Daily Telescope: Stunning image of a star cluster in a nearby galaxy

Zoom in / This image shows the H II region in the Large Magellanic Cloud.

ESA/WEP, NASA and CSA, OR. Nayak, M. Mixner

Welcome to Daily Telescope. There is too little darkness in this world and not enough light, too little pseudoscience and not enough science. We'll let the other posts provide your daily horoscope. At Ars Technica, we'll take a different route, finding inspiration from very real images of a universe full of stars and wonders.

Good morning. It's January 25th, and today's photo is amazing and inspiring.

Courtesy of the James Webb Space Telescope, this image shows the N79 nebula in the Large Magellanic Cloud, a small nearby galaxy. (Can we call galaxies small?) This is a massive, extremely active star-forming region spanning more than 1,600 light-years. So what's the story with that bright spot in the middle of the picture? He's a bright young star.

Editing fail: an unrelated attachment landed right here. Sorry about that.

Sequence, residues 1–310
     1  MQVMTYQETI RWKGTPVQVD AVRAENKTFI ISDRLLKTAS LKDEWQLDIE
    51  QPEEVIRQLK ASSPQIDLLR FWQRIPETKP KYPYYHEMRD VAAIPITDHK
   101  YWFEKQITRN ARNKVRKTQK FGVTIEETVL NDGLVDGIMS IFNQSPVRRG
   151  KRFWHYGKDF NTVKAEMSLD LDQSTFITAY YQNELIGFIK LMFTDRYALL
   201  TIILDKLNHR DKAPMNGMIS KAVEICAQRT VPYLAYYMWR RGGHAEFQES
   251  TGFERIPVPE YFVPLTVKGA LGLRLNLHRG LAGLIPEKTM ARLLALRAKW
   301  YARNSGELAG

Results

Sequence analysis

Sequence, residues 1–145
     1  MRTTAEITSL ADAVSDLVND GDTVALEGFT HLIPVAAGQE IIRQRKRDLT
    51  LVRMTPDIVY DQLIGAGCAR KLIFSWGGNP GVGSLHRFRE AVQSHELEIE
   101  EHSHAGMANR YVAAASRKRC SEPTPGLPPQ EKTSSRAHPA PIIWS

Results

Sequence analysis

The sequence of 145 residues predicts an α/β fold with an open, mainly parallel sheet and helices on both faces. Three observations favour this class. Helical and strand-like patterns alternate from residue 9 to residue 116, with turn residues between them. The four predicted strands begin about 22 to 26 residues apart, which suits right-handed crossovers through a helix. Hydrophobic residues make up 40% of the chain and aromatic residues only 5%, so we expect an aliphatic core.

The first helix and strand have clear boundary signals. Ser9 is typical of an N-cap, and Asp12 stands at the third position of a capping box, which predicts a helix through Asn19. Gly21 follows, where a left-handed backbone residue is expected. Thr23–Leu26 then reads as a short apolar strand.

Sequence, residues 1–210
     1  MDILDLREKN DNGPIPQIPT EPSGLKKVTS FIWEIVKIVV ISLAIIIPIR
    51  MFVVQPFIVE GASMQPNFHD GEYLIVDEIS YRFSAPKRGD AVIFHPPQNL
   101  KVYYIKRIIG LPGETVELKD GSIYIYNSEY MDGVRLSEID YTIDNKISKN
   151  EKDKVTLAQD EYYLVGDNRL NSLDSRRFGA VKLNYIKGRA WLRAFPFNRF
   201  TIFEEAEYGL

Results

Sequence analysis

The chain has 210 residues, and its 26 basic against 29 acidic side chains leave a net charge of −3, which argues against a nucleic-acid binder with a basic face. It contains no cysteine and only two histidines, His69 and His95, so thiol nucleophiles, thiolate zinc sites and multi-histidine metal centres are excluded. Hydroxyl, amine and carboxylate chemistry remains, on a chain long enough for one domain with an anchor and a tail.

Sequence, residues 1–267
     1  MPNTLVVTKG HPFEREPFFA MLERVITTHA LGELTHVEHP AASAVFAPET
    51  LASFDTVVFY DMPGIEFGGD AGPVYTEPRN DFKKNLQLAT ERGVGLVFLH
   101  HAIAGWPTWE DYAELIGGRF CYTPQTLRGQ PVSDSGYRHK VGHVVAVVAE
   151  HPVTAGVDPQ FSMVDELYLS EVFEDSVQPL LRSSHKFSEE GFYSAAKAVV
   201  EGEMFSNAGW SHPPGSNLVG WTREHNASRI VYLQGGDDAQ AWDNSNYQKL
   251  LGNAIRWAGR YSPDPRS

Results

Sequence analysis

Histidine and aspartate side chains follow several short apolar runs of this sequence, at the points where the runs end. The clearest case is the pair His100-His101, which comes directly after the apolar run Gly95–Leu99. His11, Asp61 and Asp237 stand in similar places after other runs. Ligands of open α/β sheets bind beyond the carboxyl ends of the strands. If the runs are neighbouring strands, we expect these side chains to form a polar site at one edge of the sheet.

“The distinct 'starburst' pattern surrounding this bright object is a series of diffraction spikes.” ESA explains. “All telescopes that use a mirror to collect light, as Webb does, have this type of artifact that arises from the design of the telescope. In Webb's case, the six largest star protrusions appear due to the hexagonal symmetry of Webb's 18 primary mirror segments. Such patterns are only observable around “Bright, compact objects, where all the light comes from the same place. Most galaxies, although they appear very small to our eyes, are much darker and more spread out than a single star, and therefore do not show this pattern.”

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Webb is investigating this active region to help astronomers understand what star-forming regions might have looked like in the early universe.

source: ESA/WEP, NASA and CSA, OR. Nayak, M. Mixner

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